The Quantum Revolution Starts Here

A group of alumni leaders is helping to propel Harvard to the forefront of quantum science and engineering

Quantum Hall Ferromagnet

Imagine an algorithm that simulates your body’s interaction with a promising drug treatment, or an unhackable communications system that protects your personal information from data breaches. With the ability to control photons and electrons on an individual level, the emerging field of quantum science and engineering is poised to revolutionize virtually every aspect of our lives—from health care to data security, gene therapy to climate-change prediction, and to areas not yet imagined./p>

With support from a visionary group of generous alumni—including David Goel AB ’93 and Stacey Goel; Timothy Barakett AB ’87, MBA ’93 and Michele Barakett; Ami Kuan Danoff AB ’84 and William A. Danoff AB ’82; Linda Hammett Ory AB ’82, EdM ’93 and Andrew Ory AB ’88; Hartley Rogers AB ’81, MBA ’85 and Amy C. Falls MPP ’89; and Geraldine Acuña-Sunshine AB ’92, MPP ’96 and Gabriel B. Sunshine AB ’91—Harvard is bolstering its leadership in the field by investing in the Harvard Quantum Initiative (HQI), with the creation of a future quantum hub on campus and the launch of one of the world’s first PhD programs in quantum science and engineering.

Thanks to the generosity of these donors, Harvard is able to finalize plans to convert an existing campus building at 60 Oxford Street into a new home for HQI. This state-of-the-art facility will support the new PhD programs in quantum science and engineering with instructional and research labs, seminar and workshop areas, and meeting spaces for students, faculty, and visiting researchers. The transformed structure will serve as the nucleus of Harvard’s quantum ecosystem for a growing cohort of graduate students and postdoctoral researchers—helping to facilitate faculty recruitment, multidisciplinary collaboration, and groundbreaking applications.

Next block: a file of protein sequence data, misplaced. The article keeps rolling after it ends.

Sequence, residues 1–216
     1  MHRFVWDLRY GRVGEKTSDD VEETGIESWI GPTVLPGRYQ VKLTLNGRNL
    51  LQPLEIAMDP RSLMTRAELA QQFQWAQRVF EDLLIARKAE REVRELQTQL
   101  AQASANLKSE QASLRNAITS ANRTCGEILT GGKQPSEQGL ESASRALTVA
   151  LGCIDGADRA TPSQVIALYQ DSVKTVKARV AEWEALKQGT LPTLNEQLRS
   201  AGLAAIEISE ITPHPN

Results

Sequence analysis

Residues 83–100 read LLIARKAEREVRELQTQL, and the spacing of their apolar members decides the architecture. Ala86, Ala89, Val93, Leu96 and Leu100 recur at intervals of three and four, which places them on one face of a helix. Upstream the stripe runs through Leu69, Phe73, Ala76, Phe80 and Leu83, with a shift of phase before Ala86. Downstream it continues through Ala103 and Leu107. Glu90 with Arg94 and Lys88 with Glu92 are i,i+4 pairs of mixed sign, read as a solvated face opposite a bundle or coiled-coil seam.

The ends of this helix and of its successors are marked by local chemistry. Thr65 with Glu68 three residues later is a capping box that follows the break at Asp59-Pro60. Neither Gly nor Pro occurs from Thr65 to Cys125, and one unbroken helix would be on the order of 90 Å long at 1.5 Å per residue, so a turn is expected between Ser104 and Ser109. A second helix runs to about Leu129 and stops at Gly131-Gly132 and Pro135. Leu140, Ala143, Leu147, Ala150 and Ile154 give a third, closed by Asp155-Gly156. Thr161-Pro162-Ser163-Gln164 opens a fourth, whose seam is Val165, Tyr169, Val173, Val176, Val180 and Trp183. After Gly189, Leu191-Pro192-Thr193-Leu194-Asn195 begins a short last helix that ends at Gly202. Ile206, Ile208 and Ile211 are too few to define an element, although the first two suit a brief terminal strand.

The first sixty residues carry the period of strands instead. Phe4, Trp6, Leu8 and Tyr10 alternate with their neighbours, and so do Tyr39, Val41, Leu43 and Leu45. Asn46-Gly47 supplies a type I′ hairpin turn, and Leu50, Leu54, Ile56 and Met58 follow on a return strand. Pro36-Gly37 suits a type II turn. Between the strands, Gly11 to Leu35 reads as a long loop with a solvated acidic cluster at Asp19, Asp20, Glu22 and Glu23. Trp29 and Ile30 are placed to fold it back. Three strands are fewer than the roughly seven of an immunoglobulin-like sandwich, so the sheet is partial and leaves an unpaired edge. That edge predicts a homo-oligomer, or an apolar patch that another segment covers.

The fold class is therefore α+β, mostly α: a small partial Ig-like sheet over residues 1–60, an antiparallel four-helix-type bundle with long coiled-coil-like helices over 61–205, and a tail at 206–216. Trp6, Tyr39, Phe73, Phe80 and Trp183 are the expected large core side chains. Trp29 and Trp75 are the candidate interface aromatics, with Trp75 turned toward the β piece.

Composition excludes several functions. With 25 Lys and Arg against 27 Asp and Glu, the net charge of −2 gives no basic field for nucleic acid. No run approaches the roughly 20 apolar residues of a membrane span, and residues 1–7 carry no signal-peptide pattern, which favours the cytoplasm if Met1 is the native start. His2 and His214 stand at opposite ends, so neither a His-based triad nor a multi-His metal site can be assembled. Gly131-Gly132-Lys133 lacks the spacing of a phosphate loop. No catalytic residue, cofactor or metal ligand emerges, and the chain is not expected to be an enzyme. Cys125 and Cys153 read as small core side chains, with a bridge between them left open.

“Advances in quantum science and engineering hold the potential to revolutionize our understanding of the universe. Harvard is not only advancing quantum teaching and scholarship at the University but also driving this research globally.”


Founded in 2018, HQI is co-directed by Mikhail Lukin, George Vasmer Leverett Professor of Physics; Evelyn Hu, Tarr-Coyne Professor of Applied Physics and of Electrical Engineering; and John Doyle, Henry B. Silsbee Professor of Physics. Bringing together theorists, experimentalists, engineers, computer scientists, and others from across Harvard and peer institutions, HQI is a collaborative community of researchers dedicated to advancing the potential of quantum systems into next-level solutions.

For example, Lukin recently worked with physicists from the Harvard-MIT Center for Ultracold Atoms and other universities to develop a special type of quantum computer capable of operating with 256 quantum bits, or “qubits.” The new computer system marks a major step toward building large-scale quantum machines that could provide insight into an array of complicated processes in fields such as material science, communication technologies, and finance, and eventually bring about discoveries beyond the capabilities of today’s fastest supercomputers.

“This is a pivotal time for quantum science and engineering at Harvard,” says Harvard President Lawrence S. Bacow JD ’76, MPP ’76, PhD ’78. “With institutional collaborators including MIT and industry partners, and the support of generous donors, we are making extraordinary progress in discovery and innovation.”